WASHINGTON (AFP) - Nearly two-thirds of Americans favour a path to citizenship - with conditions - for undocumented immigrants, according to a new poll out on Thursday, as lawmakers debate reform plans.
Lawmakers from both sides of the United States (US) political divide, as well as President Barack Obama, have expressed optimism about striking a deal on immigration reform in 2013, but a potential pathway to citizenship remains a hurdle.
In a poll of 4,500 people by the Public Religion Research Institute and the Brookings Institution, 63 per cent said that the 11 million people living in the US illegally should be allowed to become citizens.
That was three times as high as the 21 per cent who thought they should be found and deported. Another 14 per cent said illegal immigrants should be allowed to get permanent resident status.
Even among conservative Republicans, a majority, 53 per cent, were in favour of allowing the possibility of citizenship. That figure was higher, 71 per cent, among Democrats.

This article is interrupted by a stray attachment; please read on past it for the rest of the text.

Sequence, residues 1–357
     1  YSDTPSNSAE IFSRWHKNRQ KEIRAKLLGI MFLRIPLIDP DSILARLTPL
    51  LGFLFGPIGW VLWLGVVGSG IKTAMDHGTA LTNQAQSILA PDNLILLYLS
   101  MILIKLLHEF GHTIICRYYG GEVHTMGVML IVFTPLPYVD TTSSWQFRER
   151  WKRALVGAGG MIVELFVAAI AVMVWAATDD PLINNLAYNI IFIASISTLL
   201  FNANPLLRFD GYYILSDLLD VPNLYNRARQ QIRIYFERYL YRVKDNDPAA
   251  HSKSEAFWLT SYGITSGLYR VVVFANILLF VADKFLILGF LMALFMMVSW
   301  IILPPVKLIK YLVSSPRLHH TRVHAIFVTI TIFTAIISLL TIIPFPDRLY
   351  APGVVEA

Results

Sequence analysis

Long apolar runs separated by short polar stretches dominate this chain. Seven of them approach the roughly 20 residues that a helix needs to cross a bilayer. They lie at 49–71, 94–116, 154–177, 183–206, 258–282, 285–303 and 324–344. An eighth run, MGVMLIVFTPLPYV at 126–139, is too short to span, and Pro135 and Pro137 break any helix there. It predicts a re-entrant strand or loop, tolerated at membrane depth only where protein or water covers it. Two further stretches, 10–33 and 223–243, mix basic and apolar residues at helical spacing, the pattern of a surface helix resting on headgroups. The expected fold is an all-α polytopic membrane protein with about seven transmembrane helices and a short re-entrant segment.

Currently, a legal immigrant can generally seek to become a citizen after living in the US for five years.
The poll also reflected significant racial divisions in perceptions of the impact of demographic and cultural changes in the US since the 1950s, with 61 per cent of whites saying American culture has "changed for the worse".
The reverse was true among blacks and Hispanics, with a majority of both groups - 56 per cent of blacks and 51 per cent of Hispanics - responding that American culture has "changed for the better" since the 1950s.